Belinda J. Liddell

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We examined whether consciously undetected fear signals engage a collateral brainstem pathway to the amygdala and prefrontal cortex in the intact human brain, using functional neuroimaging. 'Blindsight' lesion patients can respond to visual fear signals independently from conscious experience, suggesting that these signals reach the amygdala via a direct(More)
We tested the proposal that signals of potential threat are given precedence over positive and neutral signals, reflected in earlier and more pronounced changes in neural activity. The temporal sequence ('when') and source localization ('where') of event-related potentials (ERPs) elicited by fearful and happy facial expressions, compared to neutral control(More)
Neuroimaging studies using backward masking suggest that conscious and nonconscious responses to complex signals of fear (facial expressions) occur via parallel cortical and subcortical circuits. Little is known, however, about the temporal differentiation of these responses. Psychophysics procedures were first used to determine objective thresholds for(More)
Contrary to the pervasive negative stereotypes of human aging, emotional functions may improve with advancing age. However, the brain mechanisms underlying changes in emotional function over age remain unknown. Here, we demonstrate that emotional stability improves linearly over seven decades (12-79 years) of the human lifespan. We used both functional(More)
Effective perception of fear signals is crucial for human survival and the importance of the amygdala in this process is well documented. Animal, lesion and neuroimaging studies indicate that incoming sensory signals of fear travel from thalamus to amygdala via two neural pathways: a direct subcortical route and an indirect pathway via the sensory cortex.(More)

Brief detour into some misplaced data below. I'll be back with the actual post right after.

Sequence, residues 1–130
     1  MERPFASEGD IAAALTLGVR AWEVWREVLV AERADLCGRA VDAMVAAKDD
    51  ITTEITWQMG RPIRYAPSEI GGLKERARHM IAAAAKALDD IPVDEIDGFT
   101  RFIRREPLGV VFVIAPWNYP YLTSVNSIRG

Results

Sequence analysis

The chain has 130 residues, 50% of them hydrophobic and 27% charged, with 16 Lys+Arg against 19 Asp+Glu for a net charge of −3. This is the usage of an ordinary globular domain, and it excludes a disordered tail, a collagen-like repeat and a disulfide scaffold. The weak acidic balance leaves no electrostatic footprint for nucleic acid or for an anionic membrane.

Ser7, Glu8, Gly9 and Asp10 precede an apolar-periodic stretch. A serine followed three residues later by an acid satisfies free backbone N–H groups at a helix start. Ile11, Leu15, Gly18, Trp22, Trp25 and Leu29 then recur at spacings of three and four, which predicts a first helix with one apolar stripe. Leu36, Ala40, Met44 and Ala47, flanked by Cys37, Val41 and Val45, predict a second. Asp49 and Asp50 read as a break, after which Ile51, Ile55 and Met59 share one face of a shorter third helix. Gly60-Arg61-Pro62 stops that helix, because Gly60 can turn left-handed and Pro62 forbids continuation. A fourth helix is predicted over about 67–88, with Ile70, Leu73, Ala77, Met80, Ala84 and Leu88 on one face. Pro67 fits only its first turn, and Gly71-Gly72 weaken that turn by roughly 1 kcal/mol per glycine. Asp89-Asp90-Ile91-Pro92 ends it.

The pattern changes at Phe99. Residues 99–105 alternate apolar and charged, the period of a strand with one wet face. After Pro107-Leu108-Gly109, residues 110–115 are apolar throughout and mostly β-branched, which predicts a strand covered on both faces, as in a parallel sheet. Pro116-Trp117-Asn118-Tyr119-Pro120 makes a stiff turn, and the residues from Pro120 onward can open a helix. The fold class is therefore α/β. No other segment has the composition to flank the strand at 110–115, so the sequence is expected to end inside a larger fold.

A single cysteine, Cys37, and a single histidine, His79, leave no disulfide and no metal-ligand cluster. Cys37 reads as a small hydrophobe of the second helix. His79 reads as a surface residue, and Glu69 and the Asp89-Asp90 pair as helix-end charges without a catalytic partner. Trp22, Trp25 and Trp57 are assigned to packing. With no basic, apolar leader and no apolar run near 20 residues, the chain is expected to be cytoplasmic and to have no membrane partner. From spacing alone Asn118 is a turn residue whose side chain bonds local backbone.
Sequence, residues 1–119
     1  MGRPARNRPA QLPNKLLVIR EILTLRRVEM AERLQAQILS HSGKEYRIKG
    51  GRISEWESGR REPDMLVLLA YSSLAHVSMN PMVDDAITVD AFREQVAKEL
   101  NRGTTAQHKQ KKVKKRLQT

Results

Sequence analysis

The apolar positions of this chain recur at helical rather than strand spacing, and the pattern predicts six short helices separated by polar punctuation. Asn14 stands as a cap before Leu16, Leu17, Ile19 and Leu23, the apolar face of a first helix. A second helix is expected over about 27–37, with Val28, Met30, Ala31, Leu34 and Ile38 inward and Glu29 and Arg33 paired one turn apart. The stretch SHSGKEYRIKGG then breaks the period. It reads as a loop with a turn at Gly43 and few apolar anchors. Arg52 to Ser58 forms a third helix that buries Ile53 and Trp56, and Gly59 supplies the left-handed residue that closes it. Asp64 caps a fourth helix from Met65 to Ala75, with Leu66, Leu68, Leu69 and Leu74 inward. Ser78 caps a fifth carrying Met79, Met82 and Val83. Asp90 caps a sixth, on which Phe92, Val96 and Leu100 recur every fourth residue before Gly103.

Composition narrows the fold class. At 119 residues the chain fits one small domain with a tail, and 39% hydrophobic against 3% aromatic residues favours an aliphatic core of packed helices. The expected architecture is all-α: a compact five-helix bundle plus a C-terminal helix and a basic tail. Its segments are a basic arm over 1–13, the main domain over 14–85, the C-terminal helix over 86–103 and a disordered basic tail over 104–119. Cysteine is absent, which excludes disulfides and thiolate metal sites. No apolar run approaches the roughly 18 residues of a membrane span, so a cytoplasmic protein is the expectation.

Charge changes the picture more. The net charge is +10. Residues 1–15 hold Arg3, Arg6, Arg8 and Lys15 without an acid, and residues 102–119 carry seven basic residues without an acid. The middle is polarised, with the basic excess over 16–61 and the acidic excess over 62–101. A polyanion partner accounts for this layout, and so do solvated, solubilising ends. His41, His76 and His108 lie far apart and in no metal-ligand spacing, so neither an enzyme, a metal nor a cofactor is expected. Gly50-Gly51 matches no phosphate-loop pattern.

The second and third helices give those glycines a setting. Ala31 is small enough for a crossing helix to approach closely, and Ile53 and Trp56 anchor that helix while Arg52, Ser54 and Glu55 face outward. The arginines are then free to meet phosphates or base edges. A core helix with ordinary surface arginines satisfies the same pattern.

Facial expressions of fear are universally recognized signals of potential threat. Humans may have evolved specialized neural systems for responding to fear in the absence of conscious stimulus detection. We used functional neuroimaging to establish whether the amygdala and the medial prefrontal regions to which it projects are engaged by subliminal fearful(More)
Many of the same regions of the human brain are activated during conscious attention to signals of fear and in the absence of awareness for these signals. The neural mechanisms that dissociate level of awareness from activation in these regions remain unknown. Using functional magnetic resonance imaging with connectivity analysis in healthy human subjects,(More)
Current theories of emotion suggest that threat-related stimuli are first processed via an automatically engaged neural mechanism, which occurs outside conscious awareness. This mechanism operates in conjunction with a slower and more comprehensive process that allows a detailed evaluation of the potentially harmful stimulus (LeDoux, 1998). We drew on the(More)
Biological models of posttraumatic stress disorder (PTSD) suggest that patients will display heightened amygdala but decreased medial prefrontal activity during processing of fear stimuli. However, a rapid and automatic alerting mechanism for responding to nonconscious signals of fear suggests that PTSD may display heightened rather than decreased MPFC(More)
BACKGROUND Schizophrenia patients show reduced neural activity, relative to controls, in the amygdala and its projection to the medial prefrontal cortex (MPFC) in response to fear perception. In this study we tested the hypothesis that schizophrenia is characterized by abnormal functional connectivity in the amygdala network underlying fear perception. (More)